We want to say that Decemberlands, by local writer and occasional Desert Companion contributor Greg Blake Miller — a slim, highly readable volume of three short stories with holiday themes — would make a great stocking stuffer. But that would shortchange the book: By the time the recipient opens it on December 25, he or she will be pretty much holidayed-out. And it would be a shame to set aside a book that, really, isn’t about seasonal clichés.
“When I wrote these stories,” Miller tells us, “I had been thinking a lot about the tension between humility and grandiosity, and the way that life — especially family life — calls upon us from time to time to put our dreams on the back-burner and attend to the quiet business of taking care of the people around us. It’s not an easy thing to do, particularly in a culture that blurs the line between fame and fulfillment. It struck me that one role of the holidays in our culture has been, or ought to be, to remind us of this tug-of-war.”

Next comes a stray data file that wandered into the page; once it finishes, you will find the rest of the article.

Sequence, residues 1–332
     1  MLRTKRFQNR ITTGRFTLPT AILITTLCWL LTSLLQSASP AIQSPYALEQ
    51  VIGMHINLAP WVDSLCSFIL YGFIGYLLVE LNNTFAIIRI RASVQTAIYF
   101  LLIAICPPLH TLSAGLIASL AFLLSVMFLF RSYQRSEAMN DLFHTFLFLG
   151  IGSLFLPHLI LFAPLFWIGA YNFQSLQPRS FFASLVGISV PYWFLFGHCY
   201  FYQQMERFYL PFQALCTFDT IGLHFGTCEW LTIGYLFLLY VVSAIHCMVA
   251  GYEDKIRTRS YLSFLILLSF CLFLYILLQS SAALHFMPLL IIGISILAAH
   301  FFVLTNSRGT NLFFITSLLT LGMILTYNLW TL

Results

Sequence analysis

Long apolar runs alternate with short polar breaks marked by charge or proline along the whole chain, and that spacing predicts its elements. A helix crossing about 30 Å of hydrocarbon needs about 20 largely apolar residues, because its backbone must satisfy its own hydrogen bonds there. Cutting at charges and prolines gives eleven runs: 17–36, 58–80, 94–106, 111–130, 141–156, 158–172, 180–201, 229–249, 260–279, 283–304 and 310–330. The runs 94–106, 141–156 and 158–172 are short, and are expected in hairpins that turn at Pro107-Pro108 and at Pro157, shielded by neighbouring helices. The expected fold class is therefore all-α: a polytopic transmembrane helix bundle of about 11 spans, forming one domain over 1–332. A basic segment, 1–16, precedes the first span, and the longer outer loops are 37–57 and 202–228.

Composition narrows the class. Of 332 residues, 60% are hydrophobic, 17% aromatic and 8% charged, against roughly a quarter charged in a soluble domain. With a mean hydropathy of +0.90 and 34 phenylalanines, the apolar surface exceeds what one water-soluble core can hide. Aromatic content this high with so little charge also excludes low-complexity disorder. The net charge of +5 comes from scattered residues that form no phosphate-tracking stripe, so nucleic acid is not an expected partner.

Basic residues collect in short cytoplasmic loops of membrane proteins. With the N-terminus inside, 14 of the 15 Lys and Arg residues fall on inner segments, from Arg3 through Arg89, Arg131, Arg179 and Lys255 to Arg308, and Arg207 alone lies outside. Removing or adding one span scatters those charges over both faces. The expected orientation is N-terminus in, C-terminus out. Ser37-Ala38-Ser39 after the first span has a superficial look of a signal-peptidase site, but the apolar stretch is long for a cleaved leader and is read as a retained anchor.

Decemberlands’ stories range widely: from the Bronx in 1957 to 1859 England (hello, grown-up Tiny Tim!) to a timeless wilderness. “They were born,” Miller says, “like so many stories, out of images that lodged in my imagination: kid-musicians on the streets of Greenwich Village, Scrooge with the grown Tim in front of the Round Church in Cambridge, the sleigh’s crash-landing in the mountains. The image meets the idea, and you’re off and running.” Get your copy at decemberlandsbook.com.